29 March 2012
Tragedy through Good Will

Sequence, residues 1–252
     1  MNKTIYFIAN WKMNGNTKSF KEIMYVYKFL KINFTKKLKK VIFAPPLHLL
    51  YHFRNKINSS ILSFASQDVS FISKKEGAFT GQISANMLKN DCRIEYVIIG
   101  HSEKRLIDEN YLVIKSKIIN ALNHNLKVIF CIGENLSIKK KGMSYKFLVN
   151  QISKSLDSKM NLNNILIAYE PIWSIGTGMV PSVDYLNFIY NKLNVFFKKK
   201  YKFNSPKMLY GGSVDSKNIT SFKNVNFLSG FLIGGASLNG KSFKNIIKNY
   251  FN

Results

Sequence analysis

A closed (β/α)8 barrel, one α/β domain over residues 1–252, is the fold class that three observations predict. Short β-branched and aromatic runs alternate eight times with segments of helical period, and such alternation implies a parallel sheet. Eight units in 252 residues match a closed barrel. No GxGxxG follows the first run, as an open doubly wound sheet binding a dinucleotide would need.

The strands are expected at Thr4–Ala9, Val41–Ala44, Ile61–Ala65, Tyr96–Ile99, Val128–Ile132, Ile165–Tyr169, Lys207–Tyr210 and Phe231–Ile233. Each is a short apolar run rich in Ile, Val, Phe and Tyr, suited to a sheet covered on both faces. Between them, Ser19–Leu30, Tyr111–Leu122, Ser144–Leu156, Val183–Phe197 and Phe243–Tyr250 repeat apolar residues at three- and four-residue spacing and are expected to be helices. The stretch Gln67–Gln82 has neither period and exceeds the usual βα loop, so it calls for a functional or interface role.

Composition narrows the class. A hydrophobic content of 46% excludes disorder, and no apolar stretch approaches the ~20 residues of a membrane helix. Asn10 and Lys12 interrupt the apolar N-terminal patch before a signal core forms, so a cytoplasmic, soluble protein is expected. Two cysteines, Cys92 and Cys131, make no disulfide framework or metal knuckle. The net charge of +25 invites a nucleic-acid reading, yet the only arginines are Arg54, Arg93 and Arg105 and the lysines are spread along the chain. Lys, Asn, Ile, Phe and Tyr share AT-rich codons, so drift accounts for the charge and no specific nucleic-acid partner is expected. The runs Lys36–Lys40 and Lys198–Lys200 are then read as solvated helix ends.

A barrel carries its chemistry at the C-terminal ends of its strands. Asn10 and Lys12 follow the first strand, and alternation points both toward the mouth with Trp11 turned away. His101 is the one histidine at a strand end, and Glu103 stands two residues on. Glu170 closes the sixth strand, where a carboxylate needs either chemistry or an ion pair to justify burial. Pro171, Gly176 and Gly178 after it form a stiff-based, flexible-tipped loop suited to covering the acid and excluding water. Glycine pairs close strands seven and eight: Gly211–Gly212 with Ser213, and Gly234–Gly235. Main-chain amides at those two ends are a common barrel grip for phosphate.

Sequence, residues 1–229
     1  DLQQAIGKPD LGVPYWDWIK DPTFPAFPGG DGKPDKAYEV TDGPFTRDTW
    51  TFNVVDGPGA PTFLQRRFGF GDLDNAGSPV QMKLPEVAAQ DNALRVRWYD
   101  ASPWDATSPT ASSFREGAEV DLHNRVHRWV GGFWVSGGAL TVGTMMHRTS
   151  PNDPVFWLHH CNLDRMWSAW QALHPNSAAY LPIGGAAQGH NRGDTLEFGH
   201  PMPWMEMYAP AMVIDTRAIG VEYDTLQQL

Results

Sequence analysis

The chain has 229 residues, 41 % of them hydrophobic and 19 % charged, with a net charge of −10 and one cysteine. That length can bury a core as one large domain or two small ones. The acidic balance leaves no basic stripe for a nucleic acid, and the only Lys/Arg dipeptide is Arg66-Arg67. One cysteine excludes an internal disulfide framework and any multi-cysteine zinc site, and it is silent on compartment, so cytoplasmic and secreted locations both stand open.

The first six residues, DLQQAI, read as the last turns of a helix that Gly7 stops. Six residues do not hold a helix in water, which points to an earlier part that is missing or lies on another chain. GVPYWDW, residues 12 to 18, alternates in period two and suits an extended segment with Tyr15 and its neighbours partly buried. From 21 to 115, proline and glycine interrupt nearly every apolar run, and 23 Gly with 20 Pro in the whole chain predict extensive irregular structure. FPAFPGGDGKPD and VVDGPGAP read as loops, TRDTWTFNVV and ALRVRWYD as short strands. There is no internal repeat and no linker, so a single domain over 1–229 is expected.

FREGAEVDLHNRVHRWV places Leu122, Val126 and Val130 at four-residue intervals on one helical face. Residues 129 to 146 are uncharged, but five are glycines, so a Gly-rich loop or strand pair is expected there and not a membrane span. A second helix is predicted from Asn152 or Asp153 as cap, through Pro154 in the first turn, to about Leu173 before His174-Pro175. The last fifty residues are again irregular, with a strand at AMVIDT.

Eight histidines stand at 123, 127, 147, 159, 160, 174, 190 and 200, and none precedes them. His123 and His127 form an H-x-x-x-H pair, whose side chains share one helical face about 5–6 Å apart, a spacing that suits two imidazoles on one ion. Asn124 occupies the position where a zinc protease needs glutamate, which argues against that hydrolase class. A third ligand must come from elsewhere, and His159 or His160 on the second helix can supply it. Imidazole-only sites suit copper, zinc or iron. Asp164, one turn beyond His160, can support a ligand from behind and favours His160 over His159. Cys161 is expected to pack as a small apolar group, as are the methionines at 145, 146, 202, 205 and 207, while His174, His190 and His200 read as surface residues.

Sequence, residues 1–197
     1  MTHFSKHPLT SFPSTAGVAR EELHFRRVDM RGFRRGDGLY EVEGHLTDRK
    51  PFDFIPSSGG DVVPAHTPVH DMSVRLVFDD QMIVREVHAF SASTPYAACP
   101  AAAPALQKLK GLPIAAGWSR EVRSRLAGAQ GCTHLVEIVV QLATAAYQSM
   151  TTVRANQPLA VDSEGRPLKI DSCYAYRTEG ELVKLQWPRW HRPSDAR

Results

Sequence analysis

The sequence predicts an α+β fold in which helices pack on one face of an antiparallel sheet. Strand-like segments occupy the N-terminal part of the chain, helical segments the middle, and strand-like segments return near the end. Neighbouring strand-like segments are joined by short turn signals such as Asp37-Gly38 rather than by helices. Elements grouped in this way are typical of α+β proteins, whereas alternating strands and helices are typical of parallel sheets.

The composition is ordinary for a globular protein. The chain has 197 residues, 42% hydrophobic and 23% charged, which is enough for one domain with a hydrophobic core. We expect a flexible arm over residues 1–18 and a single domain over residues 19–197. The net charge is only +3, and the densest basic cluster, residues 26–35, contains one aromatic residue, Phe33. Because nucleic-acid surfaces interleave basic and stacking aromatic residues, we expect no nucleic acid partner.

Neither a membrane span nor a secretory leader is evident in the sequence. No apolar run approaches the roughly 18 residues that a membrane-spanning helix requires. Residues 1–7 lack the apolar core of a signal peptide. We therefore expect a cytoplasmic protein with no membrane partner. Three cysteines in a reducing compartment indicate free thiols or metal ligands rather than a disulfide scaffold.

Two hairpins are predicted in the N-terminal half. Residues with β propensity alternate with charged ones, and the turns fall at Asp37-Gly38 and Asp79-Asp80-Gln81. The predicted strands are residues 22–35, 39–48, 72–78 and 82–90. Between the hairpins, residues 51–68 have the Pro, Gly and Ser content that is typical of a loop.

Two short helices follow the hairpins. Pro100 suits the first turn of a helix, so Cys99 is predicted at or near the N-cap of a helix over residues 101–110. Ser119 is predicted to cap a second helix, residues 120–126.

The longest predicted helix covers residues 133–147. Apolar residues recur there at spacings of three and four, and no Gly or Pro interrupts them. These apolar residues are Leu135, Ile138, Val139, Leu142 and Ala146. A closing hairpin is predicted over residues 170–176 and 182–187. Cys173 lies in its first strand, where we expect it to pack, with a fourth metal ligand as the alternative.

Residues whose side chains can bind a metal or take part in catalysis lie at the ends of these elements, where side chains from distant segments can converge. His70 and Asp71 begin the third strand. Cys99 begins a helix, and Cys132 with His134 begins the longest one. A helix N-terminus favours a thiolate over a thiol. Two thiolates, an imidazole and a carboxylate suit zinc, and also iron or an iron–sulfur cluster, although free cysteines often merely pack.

“Is it better to be feared or loved, if one cannot have both,” was once proposed by Machiavelli in The Prince, which to this day has a significant impact on the perspective of political empires and their rulers (Machiavelli). In Robert Penn Warren’s All the King’s Men, Willie Stark explores a means to achieve both ends which results in a hero’s tragic downfall resulting in the ultimate culmination of misfortune the loss of life. Robert Penn Warren’s masterpiece loosely follows Aristotle’s tragedy outline which is comprised of six parts, plot, characterization, thought, diction, melody, and spectacle(Aristotle). Willie Stark’s path to calamity is most noticed through his interaction with characters, the movement of plot, and his catharsis. Willie’s flaws are drawn from his interaction in politics, betrayal, his moral relativism, and circumstantial events which stir his perception on the world. Willie is caught in mixture of a political game which changes his perception on the world around him. His first experience in politics involves him being the chess piece of other players, and he is held completely oblivious to this endeavor until Sadie, one of Willie’s administrators, alerts him of this fact. Until this realization, Willie was bland in politics, because he fought for what the people needed in terms of laws and bills, versus rallying the people to the cause through boisterous promises of luxury. Willie was sheltered from the dark side of politics, and his wanting was merely a dream that would have resulted in a fortuitous outcome, had he been elected. After Willie realizes he was duped, turns to the first vice in his life, drinking. The audience sympathizes with Willie because of his initial adversity. In Epicurus, Aristotle describes a tragic hero’s journey as one of, “complete serious action which arouses pity and fear,” from the audience. Through Jack Burden’s narration, which is also a crucial part to...
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